# Model orientations in 3D

• 10-31-2006
VirtualAce
Model orientations in 3D
I'm having a lot of problems getting my models to act correctly in 3D. Currently I'm using Euler angles via axis angle rotations.

The class for the camera works well and uses the standard up,right and look vector system.

To pitch I rotate about the right vector.
To yaw I rotate about the up vector.
To roll I rotate about the look vector.

This all works perfect for the camera and there is no gimbal lock or veering between angles (as angle axes begin to map onto one another). This tends to produce a bobbing sensation as the angles map onto one another and thus you lose a degree of freedom.

Now I took the camera class and used it for the COrient3D class. I figured hey it works for the camera why wouldn't it for the models? Boy was I way off.

Here are the problems:

• Models act fine until they reach negative pitch at which point the look vector and nose of the model do not line up.
• As you approach the +90 to -90 the effects of this can be seen quite clearly as your model begins to waiver about and no longer follow the look vector.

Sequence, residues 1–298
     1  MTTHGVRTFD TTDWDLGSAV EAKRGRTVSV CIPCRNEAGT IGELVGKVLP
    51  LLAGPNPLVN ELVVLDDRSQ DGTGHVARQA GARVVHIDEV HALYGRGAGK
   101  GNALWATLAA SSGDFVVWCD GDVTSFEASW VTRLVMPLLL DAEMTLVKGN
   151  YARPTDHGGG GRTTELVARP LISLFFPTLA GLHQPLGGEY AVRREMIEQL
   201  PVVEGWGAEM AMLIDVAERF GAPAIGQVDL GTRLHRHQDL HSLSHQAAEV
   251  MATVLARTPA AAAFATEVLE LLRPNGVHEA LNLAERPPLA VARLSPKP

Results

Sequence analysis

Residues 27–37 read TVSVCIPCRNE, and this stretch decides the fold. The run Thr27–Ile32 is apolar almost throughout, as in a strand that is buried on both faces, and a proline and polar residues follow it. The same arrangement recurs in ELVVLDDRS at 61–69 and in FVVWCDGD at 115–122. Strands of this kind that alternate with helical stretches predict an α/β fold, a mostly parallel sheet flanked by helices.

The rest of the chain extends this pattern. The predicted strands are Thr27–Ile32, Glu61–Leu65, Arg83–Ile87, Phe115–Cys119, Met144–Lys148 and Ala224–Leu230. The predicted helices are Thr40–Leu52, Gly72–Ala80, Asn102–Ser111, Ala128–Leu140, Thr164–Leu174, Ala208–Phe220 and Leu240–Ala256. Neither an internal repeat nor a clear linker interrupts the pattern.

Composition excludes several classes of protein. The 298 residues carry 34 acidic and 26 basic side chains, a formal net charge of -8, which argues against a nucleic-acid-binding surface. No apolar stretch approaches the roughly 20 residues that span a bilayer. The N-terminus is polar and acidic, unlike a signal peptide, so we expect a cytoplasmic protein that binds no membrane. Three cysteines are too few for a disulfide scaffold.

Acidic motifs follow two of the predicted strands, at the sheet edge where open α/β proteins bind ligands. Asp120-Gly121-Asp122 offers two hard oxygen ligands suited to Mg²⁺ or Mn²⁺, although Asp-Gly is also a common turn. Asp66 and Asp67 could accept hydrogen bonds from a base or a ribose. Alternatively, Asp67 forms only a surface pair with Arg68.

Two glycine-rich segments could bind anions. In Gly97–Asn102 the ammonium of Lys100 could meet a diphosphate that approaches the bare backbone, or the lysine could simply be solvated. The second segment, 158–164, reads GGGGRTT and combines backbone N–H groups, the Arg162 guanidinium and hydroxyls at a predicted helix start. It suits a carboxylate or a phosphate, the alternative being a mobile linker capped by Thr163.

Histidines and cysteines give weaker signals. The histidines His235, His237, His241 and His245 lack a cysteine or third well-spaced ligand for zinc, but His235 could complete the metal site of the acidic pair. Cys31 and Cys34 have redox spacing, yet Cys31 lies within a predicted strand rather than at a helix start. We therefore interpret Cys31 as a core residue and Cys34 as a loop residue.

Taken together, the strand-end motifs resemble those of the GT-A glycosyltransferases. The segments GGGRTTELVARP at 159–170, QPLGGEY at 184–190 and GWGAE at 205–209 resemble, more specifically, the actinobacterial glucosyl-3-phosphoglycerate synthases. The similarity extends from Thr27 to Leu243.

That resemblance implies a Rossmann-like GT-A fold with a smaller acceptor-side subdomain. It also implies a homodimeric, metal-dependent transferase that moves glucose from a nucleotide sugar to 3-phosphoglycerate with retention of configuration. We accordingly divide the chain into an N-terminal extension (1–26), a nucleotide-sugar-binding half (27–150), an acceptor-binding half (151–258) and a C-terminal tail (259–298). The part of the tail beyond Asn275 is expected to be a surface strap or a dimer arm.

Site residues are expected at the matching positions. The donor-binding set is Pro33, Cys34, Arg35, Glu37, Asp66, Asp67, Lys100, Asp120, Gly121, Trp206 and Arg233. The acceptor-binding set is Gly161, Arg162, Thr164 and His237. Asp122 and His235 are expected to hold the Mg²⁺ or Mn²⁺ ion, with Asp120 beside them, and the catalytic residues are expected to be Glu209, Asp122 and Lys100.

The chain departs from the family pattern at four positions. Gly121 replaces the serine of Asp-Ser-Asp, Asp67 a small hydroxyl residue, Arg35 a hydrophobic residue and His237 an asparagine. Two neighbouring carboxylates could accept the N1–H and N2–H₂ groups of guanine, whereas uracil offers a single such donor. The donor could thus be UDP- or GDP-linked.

• If you yaw while in a positive or negative pitch it works fine until yaw reaches a certain point and then the vectors go haywire.
• The ship nose should point straight down the +z axis of the look vector, but the ship movement begins to be completely different from the direction it is pointing.

Now if I absolutely cannot do this type of game using euler angles then I will switch to quaternions, but I think something else is wrong.

Here is some of the code:

Code:

COrient3D::COrient3D()
{
m_vecRight=D3DXVECTOR3(1.0f,0.0f,0.0f);
m_vecUp=D3DXVECTOR3(0.0f,1.0f,0.0f);
m_vecLook=D3DXVECTOR3(0.0f,0.0f,1.0f);
m_vecPos=D3DXVECTOR3(0.0f,0.0f,0.0f);
m_iObjType=OBJECT_AIR;
m_fYaw=0.0f;
m_fRoll=0.0f;
m_fPitch=0.0f;
}

void COrient3D::Walk(float fUnits)
{
if (m_iObjType==OBJECT_GND)
m_vecPos+=D3DXVECTOR3(m_vecLook.x,0.0f,m_vecLook.z)*fUnits;

if (m_iObjType==OBJECT_AIR)